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To find the distance between the midpoint of the two charges and the point P, we first understand that the charges are separated by 1 cm, implying they lie on a straight line with each other. The charges are 3C and -3C, but this information is not directly relevant for calculating the distance to the midpoint; it is more relevant in electrostatic force or field calculations.

Given distances from P:

– The distance from P to the 3C charge is 5 cm.

– The distance from P to the -3C charge is 7 cm.

Since the charges are 1 cm apart, if we represent this linearly, we have two scenarios depending on the order of the charges regarding point P:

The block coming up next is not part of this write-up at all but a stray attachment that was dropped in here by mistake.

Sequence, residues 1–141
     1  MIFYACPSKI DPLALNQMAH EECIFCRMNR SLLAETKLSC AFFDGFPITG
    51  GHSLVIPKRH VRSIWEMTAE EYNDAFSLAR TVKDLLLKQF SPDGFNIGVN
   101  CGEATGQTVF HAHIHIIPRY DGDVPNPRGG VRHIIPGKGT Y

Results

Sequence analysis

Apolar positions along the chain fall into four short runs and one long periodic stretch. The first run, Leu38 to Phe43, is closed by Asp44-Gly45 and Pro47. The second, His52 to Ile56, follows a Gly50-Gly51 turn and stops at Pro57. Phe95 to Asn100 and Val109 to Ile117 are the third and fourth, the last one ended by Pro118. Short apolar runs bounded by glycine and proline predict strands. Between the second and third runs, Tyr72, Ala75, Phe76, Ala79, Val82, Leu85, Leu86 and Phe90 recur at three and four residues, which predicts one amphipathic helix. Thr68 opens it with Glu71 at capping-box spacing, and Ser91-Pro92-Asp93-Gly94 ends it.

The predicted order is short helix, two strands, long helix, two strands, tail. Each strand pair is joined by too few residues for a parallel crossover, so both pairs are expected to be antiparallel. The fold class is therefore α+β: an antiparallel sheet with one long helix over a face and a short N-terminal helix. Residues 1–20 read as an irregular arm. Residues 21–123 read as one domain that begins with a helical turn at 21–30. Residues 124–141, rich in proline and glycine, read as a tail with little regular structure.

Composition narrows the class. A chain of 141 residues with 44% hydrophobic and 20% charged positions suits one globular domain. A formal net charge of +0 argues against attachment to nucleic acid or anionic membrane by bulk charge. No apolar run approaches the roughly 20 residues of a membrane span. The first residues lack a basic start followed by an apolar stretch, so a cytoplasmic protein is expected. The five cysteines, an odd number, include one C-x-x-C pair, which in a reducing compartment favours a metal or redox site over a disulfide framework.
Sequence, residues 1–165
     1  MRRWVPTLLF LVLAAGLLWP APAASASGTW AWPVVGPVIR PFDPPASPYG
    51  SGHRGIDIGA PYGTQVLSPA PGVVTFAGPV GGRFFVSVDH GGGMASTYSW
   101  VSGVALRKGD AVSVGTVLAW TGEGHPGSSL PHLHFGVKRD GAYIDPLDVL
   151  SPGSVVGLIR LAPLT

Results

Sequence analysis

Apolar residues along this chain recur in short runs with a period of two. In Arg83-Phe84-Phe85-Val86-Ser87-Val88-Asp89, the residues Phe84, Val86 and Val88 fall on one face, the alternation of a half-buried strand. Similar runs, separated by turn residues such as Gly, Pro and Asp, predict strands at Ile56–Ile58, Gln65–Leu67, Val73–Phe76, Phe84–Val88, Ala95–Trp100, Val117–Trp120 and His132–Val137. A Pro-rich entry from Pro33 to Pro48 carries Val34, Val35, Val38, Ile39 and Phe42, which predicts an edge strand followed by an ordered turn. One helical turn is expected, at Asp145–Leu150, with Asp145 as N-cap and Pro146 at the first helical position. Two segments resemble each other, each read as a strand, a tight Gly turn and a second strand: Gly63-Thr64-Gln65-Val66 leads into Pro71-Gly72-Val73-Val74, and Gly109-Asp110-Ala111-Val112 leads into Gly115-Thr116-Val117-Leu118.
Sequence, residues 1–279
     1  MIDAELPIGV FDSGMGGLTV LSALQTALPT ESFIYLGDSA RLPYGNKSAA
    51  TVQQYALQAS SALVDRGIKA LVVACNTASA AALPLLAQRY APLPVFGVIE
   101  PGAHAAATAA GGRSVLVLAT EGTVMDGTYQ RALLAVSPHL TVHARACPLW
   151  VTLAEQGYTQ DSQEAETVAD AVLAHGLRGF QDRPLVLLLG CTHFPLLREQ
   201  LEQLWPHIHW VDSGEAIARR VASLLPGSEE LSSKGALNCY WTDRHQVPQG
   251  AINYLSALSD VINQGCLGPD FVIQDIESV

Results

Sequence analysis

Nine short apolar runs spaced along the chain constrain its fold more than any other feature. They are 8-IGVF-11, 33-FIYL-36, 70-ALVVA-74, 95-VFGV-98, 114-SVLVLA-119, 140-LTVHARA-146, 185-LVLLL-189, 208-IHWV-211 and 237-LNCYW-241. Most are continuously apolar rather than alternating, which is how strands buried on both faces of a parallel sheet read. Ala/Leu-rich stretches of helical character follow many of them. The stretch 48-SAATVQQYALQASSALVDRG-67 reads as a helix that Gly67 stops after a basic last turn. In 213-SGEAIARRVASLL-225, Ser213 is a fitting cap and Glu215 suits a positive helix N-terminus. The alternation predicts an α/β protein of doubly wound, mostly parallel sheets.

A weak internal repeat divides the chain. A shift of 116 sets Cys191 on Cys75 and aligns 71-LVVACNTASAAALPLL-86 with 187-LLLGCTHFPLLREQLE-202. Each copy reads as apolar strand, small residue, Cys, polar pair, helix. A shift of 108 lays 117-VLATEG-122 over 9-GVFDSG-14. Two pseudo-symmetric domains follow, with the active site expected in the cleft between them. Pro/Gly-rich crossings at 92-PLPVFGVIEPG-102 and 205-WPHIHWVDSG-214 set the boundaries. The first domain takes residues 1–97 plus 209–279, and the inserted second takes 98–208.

### 1. P closer to 3C charge:

– P —– 5cm —– 3C —– 1cm —– -3C —– 7cm (not possible based on the given distances; this arrangement would mean P is closer to -3C)

### 2. P closer to -3C charge, which fits the given distances:

– 3C —– 1cm —– -3C —– 5cm —– P —– 7cm (also not logical based on initial direct reading but helps picturing the scenario opposite to the initial assumptions)

### Correct logical arrangement:

– Considering the midpoint between charges is directly in the middle of the 1 cm gap, making the distances from P to each charge conceptually misunderstood in the depiction.

a

Explanation: For a distant point P, the R1 and R2 will approximately be equal.

R1 = R2 = r, where r is the distance between P and the midpoint of the two charges.

Thus they are in geometric progression, R1R2=r2

Now, r2 = 5 x 7 = 35. We get r = 5.91cm